The list below shows results from the use of our quiz by Buoy users who experienced ear discharge. This list does not constitute medical advice and may not accurately represent what you have.

Swimmer's ear (otitis externa)

Swimmer's ear, or otitis externa, is an infection of the canal which runs from the eardrum to the opening of the ear.

It is caused by anything that introduces bacteria, fungus, or a virus into the canal. Water that stays inside the ear after swimming is a common cause, as are cotton swabs used for cleaning or earpieces that create irritation.

Most susceptible are children, because they have narrower ear canals that do not drain well.

Early symptoms include redness, itching, and discomfort inside the ear canal, sometimes with drainage of clear fluid.

Even mild symptoms should be treated because they can quickly get worse. The infection can spread and intensify, becoming very painful with increased drainage, swelling, fever, and loss of hearing.

Diagnosis is made through patient history and physical examination of the ear canal. Lab tests may be done on a sample of the discharge from the ear.

Treatment includes having a medical provider clean the ear canal of debris and discharge, and a prescription for antibiotic and/or steroid eardrops.

Rarity: Common

Top Symptoms: fever, ear canal pain, ear fullness/pressure, jaw pain, ear pain that gets worse when moving

Urgency: Primary care doctor

Earwax blockage

Ear wax production is a normal process, as the body makes wax to protect the ear from infection. Sometimes ear wax can build up and cover the eardrum, which is a thin layer of skin that stretches across the end of the ear canal and picks up sound from outside. Ear wax buildup has nothing to do with poor hygiene, and it is not possible to prevent a build-up by washing.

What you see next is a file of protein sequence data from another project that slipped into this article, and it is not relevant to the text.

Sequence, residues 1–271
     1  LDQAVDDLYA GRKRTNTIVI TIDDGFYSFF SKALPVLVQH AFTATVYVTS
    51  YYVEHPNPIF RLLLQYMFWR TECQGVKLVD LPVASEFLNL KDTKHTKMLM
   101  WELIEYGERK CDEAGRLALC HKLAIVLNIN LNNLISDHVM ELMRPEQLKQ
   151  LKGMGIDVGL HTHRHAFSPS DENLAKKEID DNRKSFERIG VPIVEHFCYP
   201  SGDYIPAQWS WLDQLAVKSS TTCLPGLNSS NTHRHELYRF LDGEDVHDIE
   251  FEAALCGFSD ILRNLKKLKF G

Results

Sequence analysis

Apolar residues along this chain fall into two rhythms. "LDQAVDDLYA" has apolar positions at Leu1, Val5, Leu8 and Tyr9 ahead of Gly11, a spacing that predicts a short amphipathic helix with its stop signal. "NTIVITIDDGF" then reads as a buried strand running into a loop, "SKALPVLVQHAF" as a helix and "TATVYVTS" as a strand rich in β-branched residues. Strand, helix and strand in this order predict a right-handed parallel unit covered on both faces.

Rarity: Uncommon

Top Symptoms: dizziness, dry cough, ear canal pain, ear fullness/pressure, ringing in the ears

Symptoms that never occur with earwax blockage: swollen ear, fever

Urgency: Phone call or in-person visit

Foreign body in external ear

An ear foreign body is anything that gets stuck in the ear canal other than earwax. This may include food, toy pieces, beads, buttons, disk batteries, cotton swab, paper, or insects. Foreign bodies are usually trapped in the outer ear canal.

Rarity: Uncommon

Top Symptoms: ear fullness/pressure, ear discharge, pain in one ear canal, bleeding from the ear, pus leaking from the ear

Urgency: Primary care doctor

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Cholesteatoma (a non-cancerous growth in the ear)

Cholesteatoma is a type of skin cyst that is located in the middle ear and mastoid bone in the skull. It can be a birth defect though more commonly occurs as a complication of chronic ear infection.

Rarity: Rare

Top Symptoms: ear fullness/pressure, ringing in the ears, pain in one ear canal, vertigo (extreme dizziness), hearing loss in one ear

Urgency: Primary care doctor

Inner ear infection (labyrinthitis)

An inner ear infection, also called labyrinthitis, affects the delicate bony structures deep within the ear.

Labyrinthitis usually follows a viral infection such as the common cold, influenza, mumps, or the measles. In rare cases, usually in young children, it can be caused by bacteria.